Abbildungen der Seite


Quin ubi se a vu!59 et scena in fecreti remorant
l'irius Scipiada et mitis fapientia Lali,
Nugari cum illo, et difcinci ludere, donec
Decoqueretur olus, foliti.

Quidquid fum ego, quamvis
Infra Lucili cenfum, ingeniunque ; tamen me



fame time, he never {pose one word of a perfico. For this offer, he was iu!ciy indebted to the Whis Vinliters. In the beginning of George I. Lerd Hattar, of his ow: mction, sent for Jr. Pope, ardıcd him, i: had often given hin concern that fo great a Post had never been distinguihed; that he was glad it was now in his power to ferve him; and, if he cared to accept of it, he should have a perfion not clegged with any engagements. Ir. Pope thanked him, and defired time to confider of it. After three months (havirg heard nothing further from that Lord; he wrote him a Letter to repeat his Thanks; in which he took occasion to mention the affair of the genfica with much Indifference. So the tting drupt, till Mr. Cragzs came into the Miniitry. The affair of the clima was then resumed. And this Miniter, in a very frank and friendly manner, told Mr. Pope, that three hundred pounds a-year were then at his service: he had the management of the secret service money, and could pay him such a pension without its birz kaown, or ever coming to account. But now Mr. Pope declined the offer without tcfitation: only, in return for lo friends a propofal, he told the Secretary, that if at any time be wanted Money, he would craw upon him for ice or coc). Which Eberty, however, he did not take. Mr. Crag is more than orce pred him on this head, ard urged to him the conveniener ci a Chariot; which Mr. Pope was fenfble enough of: But the Precaricufiefs of that fupply made him very prudently decline the thoughts of an Equipage; which it was much better nerer to set up, than not preper.y to fupport. Fren: Spence. WARBURTON,

VER. 125. 7:12, ny retrt] I krew Lut whether these lines, fpiritedard splendid as they are, give us more plea:ure than the natural pare of the great Scipio and Lælius, unbencing them

[ocr errors]

I will, or perish in the gen’rous cause:
Hear this, and tremble! you, who 'scape the Laws.
Yes, while I live, no rich or noble knave
Shall walk the world, in credit, to his grave. 120
The World beside may murmur, or commend.
Know, all the distant din that world can keep,
Rolls o'er my Grotto, and but fooths my sleep.
* There, my retreat the best Companions grace, 125
Chiefs out of war, and Statesmen out of place.

There NOTES. selves from their high occupations, and descending to common and even trifling sports: for the old commentator fays, that they lived in such intimacy with Lucilius, “ ut quodam tempore Lælio circuin lectos triclinii fugienti Lucilius fuperveniens, eum obtortâ mappâ quasi percussurus fequeretur.” For this is the fact to which Horace seems to allude, rather than to what Tully mentions in the second book De Oratore, of their amusing themselves in picking up shells and pebbles on the sea-shore.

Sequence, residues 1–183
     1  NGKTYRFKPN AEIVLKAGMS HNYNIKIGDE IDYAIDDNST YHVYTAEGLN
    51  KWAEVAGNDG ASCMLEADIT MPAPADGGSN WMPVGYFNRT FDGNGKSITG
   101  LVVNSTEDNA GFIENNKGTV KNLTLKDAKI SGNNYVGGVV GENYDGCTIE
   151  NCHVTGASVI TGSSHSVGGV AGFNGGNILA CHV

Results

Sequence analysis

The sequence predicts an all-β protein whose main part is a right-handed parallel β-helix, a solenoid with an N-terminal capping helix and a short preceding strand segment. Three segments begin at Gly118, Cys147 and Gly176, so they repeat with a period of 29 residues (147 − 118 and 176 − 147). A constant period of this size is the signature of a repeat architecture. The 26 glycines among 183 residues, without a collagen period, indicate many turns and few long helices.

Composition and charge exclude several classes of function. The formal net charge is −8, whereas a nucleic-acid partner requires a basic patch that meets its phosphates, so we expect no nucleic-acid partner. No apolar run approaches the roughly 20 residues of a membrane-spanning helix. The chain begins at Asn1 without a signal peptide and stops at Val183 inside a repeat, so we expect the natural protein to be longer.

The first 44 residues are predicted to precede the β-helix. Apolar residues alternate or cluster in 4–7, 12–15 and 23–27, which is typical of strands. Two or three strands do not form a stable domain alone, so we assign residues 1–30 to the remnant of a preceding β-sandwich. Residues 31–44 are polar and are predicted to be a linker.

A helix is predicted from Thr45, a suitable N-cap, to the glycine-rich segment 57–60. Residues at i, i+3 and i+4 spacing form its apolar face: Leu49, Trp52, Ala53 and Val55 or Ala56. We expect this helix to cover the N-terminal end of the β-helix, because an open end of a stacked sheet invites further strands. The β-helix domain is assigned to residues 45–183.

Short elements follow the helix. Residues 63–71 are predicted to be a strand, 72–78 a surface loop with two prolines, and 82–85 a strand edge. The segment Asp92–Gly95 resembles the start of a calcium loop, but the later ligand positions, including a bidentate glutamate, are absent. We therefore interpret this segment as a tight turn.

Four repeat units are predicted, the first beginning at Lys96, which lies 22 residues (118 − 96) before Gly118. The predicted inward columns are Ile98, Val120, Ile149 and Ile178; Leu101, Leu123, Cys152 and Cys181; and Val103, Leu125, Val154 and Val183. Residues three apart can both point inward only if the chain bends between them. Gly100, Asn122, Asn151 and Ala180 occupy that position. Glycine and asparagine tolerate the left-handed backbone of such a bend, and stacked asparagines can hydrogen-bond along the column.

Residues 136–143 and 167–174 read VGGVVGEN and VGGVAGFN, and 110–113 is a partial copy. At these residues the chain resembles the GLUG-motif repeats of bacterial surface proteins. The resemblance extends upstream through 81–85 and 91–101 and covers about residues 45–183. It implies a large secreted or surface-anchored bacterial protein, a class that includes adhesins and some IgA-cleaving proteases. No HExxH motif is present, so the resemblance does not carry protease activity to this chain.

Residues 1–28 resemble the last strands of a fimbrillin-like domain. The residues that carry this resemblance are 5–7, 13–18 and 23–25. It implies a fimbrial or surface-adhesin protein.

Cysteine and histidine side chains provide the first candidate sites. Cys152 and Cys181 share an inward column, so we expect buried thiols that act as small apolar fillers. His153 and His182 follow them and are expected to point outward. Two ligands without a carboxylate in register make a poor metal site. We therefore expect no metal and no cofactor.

Bolingbroke is here represented as pouring out himself to his friend in the most free and unreserved conversations on topics the most interesting and important But Pope was deceived: for it is asserted that the philofopher never discovered his real principles to our Poet; who is said, strange as it appears, not even to have been acquainted with the tenets and contents of those very efsays which were addressed to himself, at the beginning of Bolingbroke's Philosophical Works. And it is added, that Pope was surprised, in his last illness, when a common acquaintance informed him that his Lordship, in a late conversation, had denied the moral attributes of God. There is a remarkable passage in a letter from Bo. lingbroke to Swift, dated June 1734: “ I am glad you approve of his Moral Efsays. They will do more good than the fermons and writings of fome, who had a mind to find great fault with them. And if the doctrines taught, hinted at, and implied in them, and the trains of consequences deducible from these doctrines, were to be disputed in prose, I think he would have no


Cum magnis vixisse invita fatcbitur usque Invidia; et fragili quærens illidere dentem,

. . Offendet

NOTES. reason to apprehend either the free-thinkers on one hand, or the narrow dogmatists on the other. Some feiv things may be ex: pressed a little hardly; but none are, I believe, unintelligible." With respect to the doctrines in the Essay on Man, I shall here infert an anecdote copied exactly from the papers of Mr. Spence in the words of Pope himself: " In the moral poem, I had writ. ten an address to our Saviour, imitated from Lucretius's compliments to Epicurus, but omitted it by the advice of Dean Berkley. One of our priests, who are more narrow than your's, made a less sensible objection to the Epistle on Happiness. He was very angry that there was nothing said in it of our eternal happiness hereafter; though my subject was expressly to treat only of the state of man bere.

If Bolingbroke concealed his real opinions from Pope, yet surely he speaks out plainly and loudly to Swist in one of his let. ters, and openly tells him he dismisses from his creed the belief of a future state, as superfluous, and unnecefsary to be called in to vindicate the general plan of Providence.